August 17, 2011

in pursuit of purpose

     The conversation is always the same, only the names and minor details change.  It goes something along the lines of "Your brother is in a better place.  God had a purpose for his death.  He was needed up in heaven.  Blah, blah, blah."  I always quietly bite my tongue and don't reply.  I really want to rip those empty platitudes to shreds.  But in the end, that wouldn't really change the way I feel.
     I thought more and more about this very common response to loss.  I think it reflects an innate human need to find meaning and purpose in an event that disrupts our world view to its very core.  Things we clung to no longer seem true so we try to erect the same house of cards, hoping this time it will withstand the winds.  Our psyche and society has difficulty with accepting it on the terms of "shit happens."  So we need to turn it into something good and full of purpose.  Then we can get back to the business of living in our still intact world view. 
     Only that doesn't work so well.  At least for me.  I believe it cuts our internal journey short and closes too many doors into our soul.  "My brother is happy and in a happy place now so I can now go back to my life.  Pain over."  That would be temptingly easy to adopt.  But I don't believe it.  Not even for a second.  In it's place, I adopt a different strategy.  We cannot change the circumstances of a tragic loss.  Buildings fall, diseases happen, cars collide, and people die.  That cannot change.  The only possibility is what I do with that tragedy.  Do I become jaded and embittered?  Do I push it down and pretend it didn't happen?  Or, do I befriend the notion that pain comes in all manners and different forms?  To find a purpose, I know which choice will make me a more caring and empathetic doctor, nevermind a more soulful person.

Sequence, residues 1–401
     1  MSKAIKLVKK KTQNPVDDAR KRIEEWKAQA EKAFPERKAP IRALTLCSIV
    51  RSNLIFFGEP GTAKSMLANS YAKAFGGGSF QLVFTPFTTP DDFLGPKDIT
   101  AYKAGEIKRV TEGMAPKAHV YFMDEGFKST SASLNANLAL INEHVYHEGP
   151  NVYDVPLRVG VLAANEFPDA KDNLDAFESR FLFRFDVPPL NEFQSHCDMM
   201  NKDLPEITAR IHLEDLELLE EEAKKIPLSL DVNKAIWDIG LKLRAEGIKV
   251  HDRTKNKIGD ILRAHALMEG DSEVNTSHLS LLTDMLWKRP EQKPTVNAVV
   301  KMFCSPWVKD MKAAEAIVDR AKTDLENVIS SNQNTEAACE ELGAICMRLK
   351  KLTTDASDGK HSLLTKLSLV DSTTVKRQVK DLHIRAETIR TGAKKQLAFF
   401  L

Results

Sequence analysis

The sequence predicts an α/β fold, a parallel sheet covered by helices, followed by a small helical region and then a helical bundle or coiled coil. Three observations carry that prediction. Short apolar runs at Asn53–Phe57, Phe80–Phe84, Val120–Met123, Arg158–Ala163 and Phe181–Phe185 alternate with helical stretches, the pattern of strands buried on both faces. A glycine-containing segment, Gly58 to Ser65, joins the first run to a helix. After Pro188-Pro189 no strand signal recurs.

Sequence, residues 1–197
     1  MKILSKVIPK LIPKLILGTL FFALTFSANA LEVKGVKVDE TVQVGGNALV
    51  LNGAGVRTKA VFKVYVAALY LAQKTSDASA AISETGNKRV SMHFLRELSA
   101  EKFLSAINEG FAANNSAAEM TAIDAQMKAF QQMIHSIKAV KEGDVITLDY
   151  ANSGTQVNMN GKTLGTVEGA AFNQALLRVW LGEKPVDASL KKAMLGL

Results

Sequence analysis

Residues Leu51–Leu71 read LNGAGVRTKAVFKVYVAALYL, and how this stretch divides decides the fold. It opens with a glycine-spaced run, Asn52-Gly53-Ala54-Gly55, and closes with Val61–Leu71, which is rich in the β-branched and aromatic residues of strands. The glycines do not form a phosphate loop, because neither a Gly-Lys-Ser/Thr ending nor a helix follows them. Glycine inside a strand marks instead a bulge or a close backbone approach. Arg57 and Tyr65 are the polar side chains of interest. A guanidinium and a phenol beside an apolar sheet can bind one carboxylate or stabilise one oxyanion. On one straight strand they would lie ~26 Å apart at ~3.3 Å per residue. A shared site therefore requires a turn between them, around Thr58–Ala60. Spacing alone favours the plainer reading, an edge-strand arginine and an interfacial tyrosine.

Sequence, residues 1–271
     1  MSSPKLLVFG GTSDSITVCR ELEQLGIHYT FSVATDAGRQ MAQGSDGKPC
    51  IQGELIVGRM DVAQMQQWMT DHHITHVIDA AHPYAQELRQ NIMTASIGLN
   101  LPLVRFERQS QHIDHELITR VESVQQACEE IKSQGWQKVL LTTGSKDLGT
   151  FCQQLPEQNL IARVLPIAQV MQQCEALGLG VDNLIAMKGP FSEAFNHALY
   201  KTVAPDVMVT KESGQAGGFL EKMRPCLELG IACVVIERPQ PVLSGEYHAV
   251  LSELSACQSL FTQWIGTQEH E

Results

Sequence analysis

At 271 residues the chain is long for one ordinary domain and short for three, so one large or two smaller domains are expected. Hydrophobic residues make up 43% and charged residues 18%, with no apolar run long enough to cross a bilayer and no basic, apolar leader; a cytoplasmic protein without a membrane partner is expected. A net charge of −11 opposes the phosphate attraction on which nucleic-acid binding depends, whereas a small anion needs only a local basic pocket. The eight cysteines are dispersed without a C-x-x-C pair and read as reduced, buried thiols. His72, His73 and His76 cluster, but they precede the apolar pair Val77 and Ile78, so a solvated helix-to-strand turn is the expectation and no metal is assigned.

So instead of assigning purpose that absolves us of any choice, responsibility or duty (he's in a better place, God had a purpose, etc), I decide to create purpose from my actions after the fact.  That's a much, much more difficult proposition.  Suddenly, I'm now responsible for growing out of a tragedy.  There is no getting over it, moving on, or getting back to a normal life.  The choice is a downward spiral, stagnation of a status quo, or a painful growth by befriending pain.  I must create my purpose and recovery or risk falling.  Scary stuff.  Studying for school would seem easier at this point but my brain just won't let that happen. 

1 comment:

Anonymous said...

Isaac, choir director here. Several years ago, I attended the funeral of the father of one of my students. He was late 30's like Josh and died from an asthma attack in front of his 10 year old son. Horrible. They are a devoted Christian family with a long legacy in the Baptist Church. The man's father, a deacon in the church, offered this. He is not in a better place. Heaven to him is right here on earth with his family and friends. He IS, however in a wonderful place, free of pain. I think of this when I think of Josh. just a thought! Jill Shafer